Everything appeared normal. Both planes were loaded with a single 2,000lb Delta Six Charlie bomb on each wing, and two double Zuni rocket launchers on missile rails on each side of the fuselage. It was a heavy load for the F-8E, but a normal weapons package for this kind of mission."
The Assistant MO started his takeoff roll with afterburner and S----- followed. Sometime during the takeoff run, the wings on Lt. S-----s plane folded. The first indication in the cockpit was the nose coming up at a steep angle, just as the plane left the ground. S----- continues
"He lifted, then I lifted. Only my nose kept coming up, almost to the vertical position, and I was balanced on the afterburner, going down the runway and trying to keep from falling over to one side. My first thought was runaway nose-up trim. Nope, the trim gauge showed normal. Then that terrified little voice from the tower: Eleven Dash Two, your wings are folded.
Cant be. My first glance was inside. The switch was in, the handle was down, and all warning lights were out. Then I looked in the mirrors. Yep, there they were, up! My next thought was to punch out. Then I remembered the 2,000 lb bombs on the wings, and I knew that if one of them went off, Id kill half the base. 'Okay, you and me, plane.' I actually said that out loud, and kept going."
The plane careened past the end of the runway, balanced on its afterburner thrust like some kind of rocket ship. Beyond the end of the runway was an old minefield the French had planted to ward off infiltrators, and the jet blast was setting off mines one after another just behind the plane as it roared south.
The Crusader slowly began to gain altitude as engine and afterburner consumed copious amounts of full, gradually making the plane lighter. S----- was heading away from the ocean, toward a stand of trees just ahead. It looked like he would clear the treetops, except for one particularly tall dead tree straight ahead. Just ****----- thought he might barely squeak over it, the skeg (anti-skid plate) beneath the jet exhaust struck the tree. The effect was to push the tail of the aircraft up and force the nose downa little too far down as it turned out. The plane began a shallow dive toward a rice paddy on the other side of the trees.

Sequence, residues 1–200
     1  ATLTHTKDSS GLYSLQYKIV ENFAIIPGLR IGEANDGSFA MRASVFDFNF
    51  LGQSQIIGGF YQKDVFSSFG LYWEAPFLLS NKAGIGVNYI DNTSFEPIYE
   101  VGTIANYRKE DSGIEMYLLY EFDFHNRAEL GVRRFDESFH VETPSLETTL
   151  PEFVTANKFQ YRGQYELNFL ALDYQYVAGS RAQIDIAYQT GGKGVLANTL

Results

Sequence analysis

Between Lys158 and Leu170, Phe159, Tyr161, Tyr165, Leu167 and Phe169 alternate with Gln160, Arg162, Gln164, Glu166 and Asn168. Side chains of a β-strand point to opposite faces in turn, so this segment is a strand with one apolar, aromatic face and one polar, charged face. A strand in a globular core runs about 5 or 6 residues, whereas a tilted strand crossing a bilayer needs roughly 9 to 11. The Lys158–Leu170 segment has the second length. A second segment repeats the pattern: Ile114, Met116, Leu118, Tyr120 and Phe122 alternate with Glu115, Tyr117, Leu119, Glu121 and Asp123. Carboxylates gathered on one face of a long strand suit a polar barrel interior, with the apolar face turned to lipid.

"I yelled out, 'I dont think so!' jammed the stick very quickly forward, and then put it HARD back into my lap. Swapped ends very fast and stubbed the tail into the paddy, leaving about a 50 foot burn furrow, before I got it back up into the air.
The nose back up and the burner still roaring, the plane slowly climbed out. The next obstacle lie just ahead. The local artillery guys were busy laying down a fan fire barrage in support of the troops farther south. Eleven Dash Two flew through the outgoing fire, emerging untouched. By then S----- had to be wondering just what else could go wrong."